Workshops to promote psychological wellbeing
Parenting Children with Anxiety
Parenting Strategies to Support Children with Anxiety with the help of our Clinical and Coaching Psychologists
Create an accessible, affordable programme where parents can feel empowered and equipped to be the first line of defence against the fears that keep their child from feeling resilient, creative and at peace in their own mind.
Supporting a child who is suffering from anxiety is no small task. Parents want to do everything they can to help their child through a difficult time, though sometimes (through no fault of their own) parents may be inadvertently encouraging avoidance or other negative coping strategies that reinforce a child’s fears.
After working with many children and families, we saw a gap between parents feeling completely on their own and seeking clinical therapy. There is a middle ground, and we believe that begins with equipping parents with the right tactics. We believe that with a little education and a little practice, parents are creative, resourceful and the best people to help their child. Just as parents can see when a child is physically unwell, they can notice when a child is feeling emotionally poorly.
With training, parents can learn to take an emotional temperature and prescribe accordingly. We are committed to helping caregivers develop the tools to restore healthy coping strategies, resilience and a sense of calm in their family. Research evidence suggests that coaching parents in this way can be just as effective as direct therapy with a child. We support you so that you may better support your child.
-Help parents to empathise with the child's worries to create a safe space for conversation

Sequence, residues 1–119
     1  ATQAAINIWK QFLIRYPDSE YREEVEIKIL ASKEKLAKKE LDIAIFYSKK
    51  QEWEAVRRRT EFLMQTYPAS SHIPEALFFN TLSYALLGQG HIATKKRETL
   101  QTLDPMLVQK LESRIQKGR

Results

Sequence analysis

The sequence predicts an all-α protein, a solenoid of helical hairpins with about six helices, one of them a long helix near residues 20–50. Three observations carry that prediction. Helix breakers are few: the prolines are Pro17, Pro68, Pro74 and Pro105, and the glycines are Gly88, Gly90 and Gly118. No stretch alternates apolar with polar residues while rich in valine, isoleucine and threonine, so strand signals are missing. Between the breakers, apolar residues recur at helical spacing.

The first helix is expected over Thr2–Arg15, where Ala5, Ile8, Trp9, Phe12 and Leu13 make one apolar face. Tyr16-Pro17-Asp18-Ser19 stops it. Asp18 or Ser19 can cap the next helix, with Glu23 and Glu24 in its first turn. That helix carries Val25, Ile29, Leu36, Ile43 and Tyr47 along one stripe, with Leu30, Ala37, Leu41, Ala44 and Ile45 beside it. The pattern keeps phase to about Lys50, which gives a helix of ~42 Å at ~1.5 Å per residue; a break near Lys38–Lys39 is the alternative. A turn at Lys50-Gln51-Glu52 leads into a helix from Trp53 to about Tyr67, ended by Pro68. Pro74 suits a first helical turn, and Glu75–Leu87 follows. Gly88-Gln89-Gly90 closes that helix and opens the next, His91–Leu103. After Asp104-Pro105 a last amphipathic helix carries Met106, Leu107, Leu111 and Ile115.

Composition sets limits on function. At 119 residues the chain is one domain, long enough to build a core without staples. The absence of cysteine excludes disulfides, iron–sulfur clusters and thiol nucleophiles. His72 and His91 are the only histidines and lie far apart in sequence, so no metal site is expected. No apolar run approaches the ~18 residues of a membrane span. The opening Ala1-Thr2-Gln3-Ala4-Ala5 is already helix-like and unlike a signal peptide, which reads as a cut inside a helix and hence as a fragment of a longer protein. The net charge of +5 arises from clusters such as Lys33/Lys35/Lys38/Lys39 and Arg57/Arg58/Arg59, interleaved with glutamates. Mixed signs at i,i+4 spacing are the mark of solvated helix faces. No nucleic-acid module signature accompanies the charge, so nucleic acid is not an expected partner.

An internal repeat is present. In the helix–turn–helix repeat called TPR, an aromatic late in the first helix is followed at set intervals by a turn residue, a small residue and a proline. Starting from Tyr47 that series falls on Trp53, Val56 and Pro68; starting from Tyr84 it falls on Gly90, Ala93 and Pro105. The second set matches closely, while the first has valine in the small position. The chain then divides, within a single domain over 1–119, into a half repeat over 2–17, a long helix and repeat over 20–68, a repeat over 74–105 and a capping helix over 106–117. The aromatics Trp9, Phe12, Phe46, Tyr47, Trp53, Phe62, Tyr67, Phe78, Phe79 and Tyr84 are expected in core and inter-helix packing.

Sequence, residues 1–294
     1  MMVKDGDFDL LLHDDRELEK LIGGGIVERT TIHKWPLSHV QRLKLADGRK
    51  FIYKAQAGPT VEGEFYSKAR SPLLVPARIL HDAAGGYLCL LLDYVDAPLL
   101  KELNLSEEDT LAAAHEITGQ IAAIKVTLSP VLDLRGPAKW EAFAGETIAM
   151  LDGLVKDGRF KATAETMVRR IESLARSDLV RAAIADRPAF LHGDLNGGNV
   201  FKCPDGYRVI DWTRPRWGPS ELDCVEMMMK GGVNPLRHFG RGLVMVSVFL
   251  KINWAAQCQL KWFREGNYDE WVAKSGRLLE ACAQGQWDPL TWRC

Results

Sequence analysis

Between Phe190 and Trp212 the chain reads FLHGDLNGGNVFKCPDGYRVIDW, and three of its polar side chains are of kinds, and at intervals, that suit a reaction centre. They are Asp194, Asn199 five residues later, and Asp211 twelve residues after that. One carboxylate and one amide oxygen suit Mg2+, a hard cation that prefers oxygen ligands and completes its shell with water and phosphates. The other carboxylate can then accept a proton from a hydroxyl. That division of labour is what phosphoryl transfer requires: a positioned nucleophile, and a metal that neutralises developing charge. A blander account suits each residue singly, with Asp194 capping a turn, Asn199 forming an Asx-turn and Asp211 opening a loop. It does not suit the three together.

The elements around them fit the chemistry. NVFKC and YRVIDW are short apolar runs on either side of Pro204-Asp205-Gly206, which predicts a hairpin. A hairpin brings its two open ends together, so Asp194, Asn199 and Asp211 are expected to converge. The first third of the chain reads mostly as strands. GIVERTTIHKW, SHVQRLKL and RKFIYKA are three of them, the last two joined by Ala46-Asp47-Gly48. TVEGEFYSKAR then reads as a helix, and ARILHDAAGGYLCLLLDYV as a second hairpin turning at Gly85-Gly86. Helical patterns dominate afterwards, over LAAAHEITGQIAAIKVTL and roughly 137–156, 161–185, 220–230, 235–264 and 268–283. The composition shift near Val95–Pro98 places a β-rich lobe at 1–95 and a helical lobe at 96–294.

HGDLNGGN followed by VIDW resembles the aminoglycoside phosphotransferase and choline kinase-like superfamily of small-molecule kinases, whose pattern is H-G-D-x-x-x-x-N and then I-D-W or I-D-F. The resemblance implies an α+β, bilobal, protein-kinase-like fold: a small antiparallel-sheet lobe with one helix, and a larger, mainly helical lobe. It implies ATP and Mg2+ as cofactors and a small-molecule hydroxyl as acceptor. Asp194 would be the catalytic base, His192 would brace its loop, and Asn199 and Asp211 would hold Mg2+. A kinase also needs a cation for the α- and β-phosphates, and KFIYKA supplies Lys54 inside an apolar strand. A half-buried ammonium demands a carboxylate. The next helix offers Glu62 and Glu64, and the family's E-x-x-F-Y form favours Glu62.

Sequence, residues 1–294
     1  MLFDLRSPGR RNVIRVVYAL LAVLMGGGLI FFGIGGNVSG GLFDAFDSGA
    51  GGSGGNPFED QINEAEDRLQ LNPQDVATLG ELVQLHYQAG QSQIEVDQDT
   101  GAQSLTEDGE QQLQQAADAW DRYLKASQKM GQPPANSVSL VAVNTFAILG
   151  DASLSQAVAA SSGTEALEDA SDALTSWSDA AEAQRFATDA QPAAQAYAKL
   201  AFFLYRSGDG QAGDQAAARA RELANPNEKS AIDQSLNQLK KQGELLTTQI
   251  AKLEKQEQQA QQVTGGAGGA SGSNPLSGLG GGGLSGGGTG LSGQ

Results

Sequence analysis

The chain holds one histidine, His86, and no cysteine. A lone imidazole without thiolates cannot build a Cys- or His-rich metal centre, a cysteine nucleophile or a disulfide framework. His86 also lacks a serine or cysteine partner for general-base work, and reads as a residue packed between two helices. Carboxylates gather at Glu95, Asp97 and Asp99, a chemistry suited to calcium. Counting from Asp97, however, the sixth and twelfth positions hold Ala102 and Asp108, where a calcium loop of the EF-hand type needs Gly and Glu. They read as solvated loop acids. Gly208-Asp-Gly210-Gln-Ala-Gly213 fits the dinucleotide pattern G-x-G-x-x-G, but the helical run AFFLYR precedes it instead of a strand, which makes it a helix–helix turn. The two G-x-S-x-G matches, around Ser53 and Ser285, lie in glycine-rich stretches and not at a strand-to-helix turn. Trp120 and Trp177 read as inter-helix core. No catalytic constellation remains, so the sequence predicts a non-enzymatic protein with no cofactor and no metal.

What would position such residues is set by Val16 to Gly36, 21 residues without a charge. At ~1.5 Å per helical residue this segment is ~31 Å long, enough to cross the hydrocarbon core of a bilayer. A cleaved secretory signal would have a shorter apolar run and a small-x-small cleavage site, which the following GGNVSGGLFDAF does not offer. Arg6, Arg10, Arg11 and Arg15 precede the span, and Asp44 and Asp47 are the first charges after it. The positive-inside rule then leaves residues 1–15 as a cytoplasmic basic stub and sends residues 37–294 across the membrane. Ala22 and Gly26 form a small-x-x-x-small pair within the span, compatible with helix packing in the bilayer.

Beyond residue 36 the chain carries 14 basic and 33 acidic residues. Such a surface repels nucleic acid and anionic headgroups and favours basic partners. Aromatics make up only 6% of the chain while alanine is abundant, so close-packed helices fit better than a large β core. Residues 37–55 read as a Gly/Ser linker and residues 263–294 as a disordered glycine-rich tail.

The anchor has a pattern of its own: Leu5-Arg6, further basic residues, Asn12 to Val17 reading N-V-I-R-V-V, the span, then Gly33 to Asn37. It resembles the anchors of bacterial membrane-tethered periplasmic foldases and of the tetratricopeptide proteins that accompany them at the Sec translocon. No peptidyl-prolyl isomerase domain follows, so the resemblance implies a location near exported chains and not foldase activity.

-Explore the root of the worry by asking the right questions
-Problem-solving with the child
-Empowering a child to face their fear
-Learn Mindfulness and Simplicity Parenting techniques to create a more present and serene home environment
-Creating a structure of positive reinforcement and encouraging confidence in the child to experiment with strategies and challenge negative beliefs
In a series of four, 90 minute meetings, we will:
Complete questionnaires together to better understand your child’s anxiety, and help you set your goals
Look at the psycho-educational aspects of anxiety in children (i.e. what is happening in that growing little mind when they experience worries, how they learn, and what is being reinforced)
Identifying our values as parents and how we can help our children to engage in challenging their thoughts and behaviour.
Explore the idea of ‘Soul Fever’ and the impact of modern lifestyle on the young, impressionable mind
Helping children face their fears and creating confidence and resilience
Introducing Mindfulness techniques to support both parents and children
Troubleshooting - Putting these tools into practice
Review your goals and make a ‘staying well’ plan
We draw upon several therapeutic modalities, including Cognitive Behavioural Therapy (CBT), Simplicity Parenting Coaching and Mindfulness to create a dynamic, flexible model that is adaptable and considers each unique child, but can be applied broadly.
Parents will learn the skills they need to manage their child’s anxiety. They will develop a deeper learning and understanding of how fears and worries become ingrained in a child’s mind and how to empower the child through curiosity to challenge and overcome these problems. They will learn techniques that they can apply to themselves and their other children. They will learn to recognise and intuitively support the needs of their children to ensure they are living their happiest lives.
Sessions are made up of a series of four consecutive, 90 minute meetings in North Oxford.
Sessions are held on Wednesday evenings
Sessions are £175 per individual and £250 for couples (we encourage, where possible, both caregivers attend to implement the knowledge learned together)
Sessions are audio recorded if you need to miss a session
The group agrees to a pact of confidentiality and is supportive and non-judgmental.